- to strip ruthlessly of money or goods by open violence, as in war; plunder: The barbarians pillaged every conquered city.
- to take as booty.
- to rob with open violence; take booty: Soldiers roamed the countryside, pillaging and killing.
- the act of plundering, especially in war.
- booty or spoil.
Origin of pillage
SynonymsSee more synonyms for pillage on Thesaurus.com
Examples from the Web for pillage
Will the Obama coalition now forever outvote and and pillage the makers of American wealth?Commentary's Symposium on the Future of Conservatism
January 2, 2013
They will use their majority to pillage the makers and redistribute to the takers.Fellow Conservatives, Ease Off the Doom and Gloom
November 12, 2012
Those who carry out this pillage probably believe they can outrun their own destructiveness.Chris Hedges and Joe Sacco Chronicle Mining Catastrophes in West Virginia
Chris Hedges, Joe Sacco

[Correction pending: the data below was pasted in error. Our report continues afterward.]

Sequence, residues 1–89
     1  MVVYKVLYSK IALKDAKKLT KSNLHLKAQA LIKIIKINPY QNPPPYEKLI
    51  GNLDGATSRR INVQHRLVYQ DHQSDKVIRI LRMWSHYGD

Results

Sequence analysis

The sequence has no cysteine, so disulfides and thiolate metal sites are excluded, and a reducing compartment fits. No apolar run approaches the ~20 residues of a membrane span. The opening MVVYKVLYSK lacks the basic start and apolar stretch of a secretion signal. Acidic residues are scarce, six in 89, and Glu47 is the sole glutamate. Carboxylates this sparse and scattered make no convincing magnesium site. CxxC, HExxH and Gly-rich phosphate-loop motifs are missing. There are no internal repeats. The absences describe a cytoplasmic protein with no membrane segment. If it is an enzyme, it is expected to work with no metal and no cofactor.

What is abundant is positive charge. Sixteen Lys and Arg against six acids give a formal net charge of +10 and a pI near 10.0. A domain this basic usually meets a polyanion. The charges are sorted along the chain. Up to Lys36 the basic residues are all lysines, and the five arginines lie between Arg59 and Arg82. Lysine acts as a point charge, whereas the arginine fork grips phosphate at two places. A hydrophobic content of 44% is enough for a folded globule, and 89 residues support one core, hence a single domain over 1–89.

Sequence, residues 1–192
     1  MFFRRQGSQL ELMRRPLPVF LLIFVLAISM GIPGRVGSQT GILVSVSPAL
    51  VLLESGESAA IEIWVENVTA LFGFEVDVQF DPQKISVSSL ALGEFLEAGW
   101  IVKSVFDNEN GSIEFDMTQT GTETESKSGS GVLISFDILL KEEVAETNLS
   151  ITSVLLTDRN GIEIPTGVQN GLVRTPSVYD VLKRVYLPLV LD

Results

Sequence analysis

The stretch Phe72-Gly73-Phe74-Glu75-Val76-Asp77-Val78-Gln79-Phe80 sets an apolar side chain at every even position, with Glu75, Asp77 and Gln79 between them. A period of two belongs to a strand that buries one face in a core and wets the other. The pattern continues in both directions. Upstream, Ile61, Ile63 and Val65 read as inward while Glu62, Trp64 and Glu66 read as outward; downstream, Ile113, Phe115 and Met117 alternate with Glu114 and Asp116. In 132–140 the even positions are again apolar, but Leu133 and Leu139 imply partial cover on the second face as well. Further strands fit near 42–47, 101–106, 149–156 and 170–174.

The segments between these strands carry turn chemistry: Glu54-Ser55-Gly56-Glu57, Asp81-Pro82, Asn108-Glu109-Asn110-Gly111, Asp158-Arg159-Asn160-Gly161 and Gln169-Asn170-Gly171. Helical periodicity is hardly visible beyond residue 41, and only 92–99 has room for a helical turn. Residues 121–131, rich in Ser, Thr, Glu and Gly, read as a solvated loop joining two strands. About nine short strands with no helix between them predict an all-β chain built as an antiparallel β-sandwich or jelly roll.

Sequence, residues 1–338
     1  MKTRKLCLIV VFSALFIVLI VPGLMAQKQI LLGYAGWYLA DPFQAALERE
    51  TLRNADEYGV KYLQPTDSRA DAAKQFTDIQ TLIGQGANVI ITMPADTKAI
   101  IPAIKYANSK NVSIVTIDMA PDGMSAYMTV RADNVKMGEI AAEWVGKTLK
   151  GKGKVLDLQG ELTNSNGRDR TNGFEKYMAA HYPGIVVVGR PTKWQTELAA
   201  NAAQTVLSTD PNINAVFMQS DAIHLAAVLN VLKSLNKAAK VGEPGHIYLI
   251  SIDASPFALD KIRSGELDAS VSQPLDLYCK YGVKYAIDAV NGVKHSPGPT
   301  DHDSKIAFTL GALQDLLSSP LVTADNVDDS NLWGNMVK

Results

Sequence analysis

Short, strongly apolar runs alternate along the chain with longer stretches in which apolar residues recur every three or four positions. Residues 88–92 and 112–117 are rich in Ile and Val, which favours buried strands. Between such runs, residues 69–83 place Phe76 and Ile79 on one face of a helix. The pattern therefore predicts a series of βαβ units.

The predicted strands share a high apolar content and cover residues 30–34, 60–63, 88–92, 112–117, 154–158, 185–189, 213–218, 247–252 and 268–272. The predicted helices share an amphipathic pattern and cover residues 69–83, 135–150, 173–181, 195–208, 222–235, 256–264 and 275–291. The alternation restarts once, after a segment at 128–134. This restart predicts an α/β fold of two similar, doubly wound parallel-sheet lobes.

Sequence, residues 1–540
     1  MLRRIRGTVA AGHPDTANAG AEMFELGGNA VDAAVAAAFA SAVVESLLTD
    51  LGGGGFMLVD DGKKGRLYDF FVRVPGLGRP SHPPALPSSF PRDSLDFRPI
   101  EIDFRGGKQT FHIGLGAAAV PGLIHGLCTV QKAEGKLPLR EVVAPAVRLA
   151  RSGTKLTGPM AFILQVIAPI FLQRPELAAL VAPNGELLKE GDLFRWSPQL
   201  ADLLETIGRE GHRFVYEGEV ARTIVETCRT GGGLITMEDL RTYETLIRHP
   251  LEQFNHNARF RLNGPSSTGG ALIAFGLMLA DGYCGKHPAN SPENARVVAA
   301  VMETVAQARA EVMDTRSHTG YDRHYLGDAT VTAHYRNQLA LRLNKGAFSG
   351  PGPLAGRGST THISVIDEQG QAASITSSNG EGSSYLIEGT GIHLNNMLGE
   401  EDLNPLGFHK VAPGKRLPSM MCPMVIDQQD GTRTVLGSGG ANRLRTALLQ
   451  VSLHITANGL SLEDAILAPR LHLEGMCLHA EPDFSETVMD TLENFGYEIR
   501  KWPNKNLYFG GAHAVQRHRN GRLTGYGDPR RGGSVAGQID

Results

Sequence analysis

June 14, 2012
That did not prevent us giving that admirable city up to pillage.My Double Life
The whole city seemed to be abandoned to pillage—to destruction.Beaux and Belles of England
Their disunion, the consequence of their avidity, saved it from ruin, but not from pillage.Memoirs of the Court of St. Cloud, Complete
According to his own account he had saved the post-office from pillage.The Fortune of the Rougons
This was hostile country, and he gave it over to the Hellenes to pillage.Anabasis
- to rob (a town, village, etc) of (booty or spoils), esp during a war
- the act of pillaging
- something obtained by pillaging; booty
Word Origin and History for pillage
late 14c., "act of plundering" (especially in war), from Old French pilage (14c.) "plunder," from pillier "to plunder, loot, ill-treat," possibly from Vulgar Latin *piliare "to plunder," probably from a figurative use of Latin pilare "to strip of hair," perhaps also meaning "to skin" (cf. figurative extension of verbs pluck, fleece), from pilus "a hair" (see pile (n.3)).
"plunder, despoil," 1590s, from pillage (n.). Related: Pillaged; pillaging. The earlier verb in English was simply pill (late Old English), which probably is from Latin pilare.